Work-life balance has become some kind of a cliche, and the more it figures in our talks, the less we seem to have of it.
To begin with, the expression itself is a misnomer. Work is a part of life, how can we balance a part with the whole and is it not vain and futile to even try to do that? What is actually aimed at is a work life-personal life balance.
But even that becomes unnecessary when we have the right attitudes, rooted in right values, which create right perceptions. We do not need to get the happy balance in our lives, we merely have to remove the unhappy imbalance that is there in our minds. Stephen Covey knows it when he says, ‘the way we look at the problems, is the problem’.
Imagine senior managers being taken out to some natural resort and made to play some childish games, to develop team-spirit; or people writing slogans to develop the so-called work-life balance! We should realize that so long as people do not get along with themselves (which they won’t until they take time to know and like themselves), they can never get along well with others.
It is all about self-awareness. It is also a major clue to the problem of rising attrition. Nor is this balance about distributing hours. With long working hours topped by an insane commuting time, how many hours can be spent with family anyway? But love and care are matters of hearts, not just hours; two people can stay together for a life time and remain strangers. The key is, where quantity is lacking, quality can surely compensate.
Let us remember that it is not how long we work that stresses us, it is the reluctance with which we look at it and our inability to enjoy it with a happy role-playing detachment. Like the ocean in turmoil at the surface but calm and serene deep down, our outer activity has to be anchored in an inner tranquility. Our technology is giving us a crazy speed; the inner sense of direction has to keep pace with it.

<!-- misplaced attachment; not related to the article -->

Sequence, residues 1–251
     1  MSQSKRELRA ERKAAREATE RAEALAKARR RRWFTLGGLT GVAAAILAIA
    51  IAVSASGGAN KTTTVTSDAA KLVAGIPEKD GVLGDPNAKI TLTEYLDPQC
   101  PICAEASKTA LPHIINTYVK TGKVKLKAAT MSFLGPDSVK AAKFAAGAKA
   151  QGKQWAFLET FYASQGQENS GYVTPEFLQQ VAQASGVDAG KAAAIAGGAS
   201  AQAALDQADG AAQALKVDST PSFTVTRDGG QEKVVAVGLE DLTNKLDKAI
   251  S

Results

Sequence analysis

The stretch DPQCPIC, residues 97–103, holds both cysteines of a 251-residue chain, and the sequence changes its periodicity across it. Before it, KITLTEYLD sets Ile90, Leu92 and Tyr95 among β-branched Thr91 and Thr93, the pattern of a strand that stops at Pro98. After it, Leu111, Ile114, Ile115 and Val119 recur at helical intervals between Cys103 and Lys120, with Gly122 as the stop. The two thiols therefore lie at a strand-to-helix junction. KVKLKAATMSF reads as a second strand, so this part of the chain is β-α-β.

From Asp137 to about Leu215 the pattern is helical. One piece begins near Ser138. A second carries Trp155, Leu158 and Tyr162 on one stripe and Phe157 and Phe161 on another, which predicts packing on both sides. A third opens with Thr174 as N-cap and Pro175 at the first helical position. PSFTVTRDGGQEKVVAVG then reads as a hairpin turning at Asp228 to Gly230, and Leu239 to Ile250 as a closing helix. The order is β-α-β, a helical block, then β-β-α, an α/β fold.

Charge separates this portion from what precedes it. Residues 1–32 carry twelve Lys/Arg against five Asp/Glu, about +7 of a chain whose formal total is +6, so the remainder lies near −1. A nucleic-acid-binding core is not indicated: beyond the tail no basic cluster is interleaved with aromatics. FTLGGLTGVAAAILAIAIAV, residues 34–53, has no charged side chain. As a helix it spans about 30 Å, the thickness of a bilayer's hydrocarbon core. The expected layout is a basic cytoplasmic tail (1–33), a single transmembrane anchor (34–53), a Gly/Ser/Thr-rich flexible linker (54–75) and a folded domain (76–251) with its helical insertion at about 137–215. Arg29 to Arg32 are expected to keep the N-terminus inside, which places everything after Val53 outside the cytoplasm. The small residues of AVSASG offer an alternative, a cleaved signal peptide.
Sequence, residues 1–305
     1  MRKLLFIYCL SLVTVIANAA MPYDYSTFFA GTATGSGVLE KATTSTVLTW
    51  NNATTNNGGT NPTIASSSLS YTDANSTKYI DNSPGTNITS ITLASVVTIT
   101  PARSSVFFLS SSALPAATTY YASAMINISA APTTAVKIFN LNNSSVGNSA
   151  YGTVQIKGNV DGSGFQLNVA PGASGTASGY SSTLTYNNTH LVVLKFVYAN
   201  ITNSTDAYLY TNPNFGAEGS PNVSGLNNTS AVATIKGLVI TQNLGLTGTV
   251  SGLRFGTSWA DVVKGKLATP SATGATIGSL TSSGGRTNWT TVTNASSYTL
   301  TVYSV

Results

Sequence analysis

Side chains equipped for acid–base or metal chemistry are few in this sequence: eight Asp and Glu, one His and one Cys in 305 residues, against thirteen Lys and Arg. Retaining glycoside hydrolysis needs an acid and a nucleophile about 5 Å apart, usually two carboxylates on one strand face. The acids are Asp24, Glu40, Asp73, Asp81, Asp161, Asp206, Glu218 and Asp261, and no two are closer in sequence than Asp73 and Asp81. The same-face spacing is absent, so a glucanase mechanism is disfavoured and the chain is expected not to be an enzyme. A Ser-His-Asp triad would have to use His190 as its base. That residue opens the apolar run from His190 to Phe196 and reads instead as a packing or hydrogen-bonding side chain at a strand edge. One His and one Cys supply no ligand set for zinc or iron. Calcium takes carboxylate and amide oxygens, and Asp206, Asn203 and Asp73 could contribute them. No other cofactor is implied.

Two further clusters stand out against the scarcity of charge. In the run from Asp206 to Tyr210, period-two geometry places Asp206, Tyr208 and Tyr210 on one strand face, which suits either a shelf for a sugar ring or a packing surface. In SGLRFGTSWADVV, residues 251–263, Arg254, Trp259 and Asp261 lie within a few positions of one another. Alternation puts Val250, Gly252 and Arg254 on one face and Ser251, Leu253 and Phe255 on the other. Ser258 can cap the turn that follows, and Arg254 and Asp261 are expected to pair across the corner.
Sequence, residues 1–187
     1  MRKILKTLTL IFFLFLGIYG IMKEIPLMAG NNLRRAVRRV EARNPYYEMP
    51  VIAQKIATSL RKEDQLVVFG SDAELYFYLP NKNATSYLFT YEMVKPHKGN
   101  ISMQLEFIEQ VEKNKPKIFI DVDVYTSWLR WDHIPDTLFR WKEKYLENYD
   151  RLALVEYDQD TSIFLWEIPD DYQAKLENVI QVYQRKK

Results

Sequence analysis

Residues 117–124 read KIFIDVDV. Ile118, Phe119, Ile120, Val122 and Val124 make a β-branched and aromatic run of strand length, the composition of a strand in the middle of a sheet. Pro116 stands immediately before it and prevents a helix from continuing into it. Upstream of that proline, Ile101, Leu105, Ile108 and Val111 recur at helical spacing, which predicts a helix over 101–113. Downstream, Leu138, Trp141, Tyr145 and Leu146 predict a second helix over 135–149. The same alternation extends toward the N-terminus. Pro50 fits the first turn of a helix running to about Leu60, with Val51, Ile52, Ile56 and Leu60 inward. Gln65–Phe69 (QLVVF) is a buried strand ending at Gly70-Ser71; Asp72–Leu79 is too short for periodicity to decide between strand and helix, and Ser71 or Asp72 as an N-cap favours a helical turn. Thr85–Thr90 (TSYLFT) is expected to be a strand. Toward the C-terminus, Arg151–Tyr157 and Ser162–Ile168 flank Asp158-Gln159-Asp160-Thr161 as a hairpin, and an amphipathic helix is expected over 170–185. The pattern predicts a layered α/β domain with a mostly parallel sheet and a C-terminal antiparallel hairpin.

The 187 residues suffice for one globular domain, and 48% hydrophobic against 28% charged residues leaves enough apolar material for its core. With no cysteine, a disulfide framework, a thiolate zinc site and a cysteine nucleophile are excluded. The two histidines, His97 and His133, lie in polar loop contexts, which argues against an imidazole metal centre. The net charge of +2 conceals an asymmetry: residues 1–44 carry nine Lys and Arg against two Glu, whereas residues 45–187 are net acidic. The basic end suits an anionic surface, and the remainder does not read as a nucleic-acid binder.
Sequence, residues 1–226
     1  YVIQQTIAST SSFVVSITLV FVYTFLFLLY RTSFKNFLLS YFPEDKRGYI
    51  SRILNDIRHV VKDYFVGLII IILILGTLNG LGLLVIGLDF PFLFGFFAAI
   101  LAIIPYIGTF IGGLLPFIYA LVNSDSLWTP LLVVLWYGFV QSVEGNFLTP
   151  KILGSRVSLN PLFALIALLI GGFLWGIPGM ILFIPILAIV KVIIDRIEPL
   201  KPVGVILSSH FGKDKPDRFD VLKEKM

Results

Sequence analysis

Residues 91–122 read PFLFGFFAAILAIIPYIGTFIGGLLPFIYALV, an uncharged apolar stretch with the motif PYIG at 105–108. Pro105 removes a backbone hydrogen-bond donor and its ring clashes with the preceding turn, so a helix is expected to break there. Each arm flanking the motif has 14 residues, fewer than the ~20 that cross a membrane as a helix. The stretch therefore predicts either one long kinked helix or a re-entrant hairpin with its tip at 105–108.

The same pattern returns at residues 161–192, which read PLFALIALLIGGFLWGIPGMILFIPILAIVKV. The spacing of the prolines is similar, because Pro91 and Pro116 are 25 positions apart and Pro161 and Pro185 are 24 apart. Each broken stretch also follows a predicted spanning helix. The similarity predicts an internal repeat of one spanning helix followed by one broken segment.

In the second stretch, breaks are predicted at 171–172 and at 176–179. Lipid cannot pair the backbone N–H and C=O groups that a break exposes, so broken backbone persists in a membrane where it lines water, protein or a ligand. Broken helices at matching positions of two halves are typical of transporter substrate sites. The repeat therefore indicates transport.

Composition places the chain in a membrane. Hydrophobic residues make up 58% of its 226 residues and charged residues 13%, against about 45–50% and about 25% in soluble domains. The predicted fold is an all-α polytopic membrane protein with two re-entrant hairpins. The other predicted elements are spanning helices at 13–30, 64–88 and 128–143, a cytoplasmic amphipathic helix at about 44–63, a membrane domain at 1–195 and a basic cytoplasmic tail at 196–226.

Unless we learn to do that, even our personal life, which we are trying to side with, in the name of work-life balance, will be a stressor – like at workplace, we shall have conflicts in personal life as we already do. Then, where shall we go? Are we solutioning or escaping ? Unless we have balance in our values, balance in our mental attitudes, there can be no balance in our lives. We indeed become what we think. Unless we choose balance in our thoughts and aspirations, i.e. within us, how is there going to be one outside? We indeed live ‘inside out’.
Work, like love, is probably the most beautiful expression of life – rightly done, it can be liberating. That can happen only when we bring our heart to our work and enjoy what we do – no matter how modest it may be; that’s when the barriers between work and family will melt away; conflicts may occasionally surface but they will always be manageable for a mind that is anchored within.
Life, my master taught me, is a joyous battle of duty and at the same time a passing dream. We take our roles too seriously, with a crippling sense of doership, so we fail to play them well. To consider work and personal life as opposites, and then try to balance them out, is a fallacy. It defeats itself.
We must stop working like slaves merely slogging for livelihood, which will inevitably happen when we work just for money. Money is not evil, but to work for money alone, certainly is. With that attitude there can neither be happiness at workplace, nor in personal life, nor can there be any way for a balance between these two negativities.
Work life and personal life are complementary to each other, not opposites. We do not need to balance them; we need to balance our minds. Cheers!
Hans is a chemical engineer who worked in sales/marketing for 28 years. Thereafter, for the last 8 years, he has been a motivational speaker, yoga coach and corporate trainer. In his personal life, he has been practicing yoga-meditation for close to 25 years.
Watch Nigel Marsh’s TED talk on How to make work-life balance work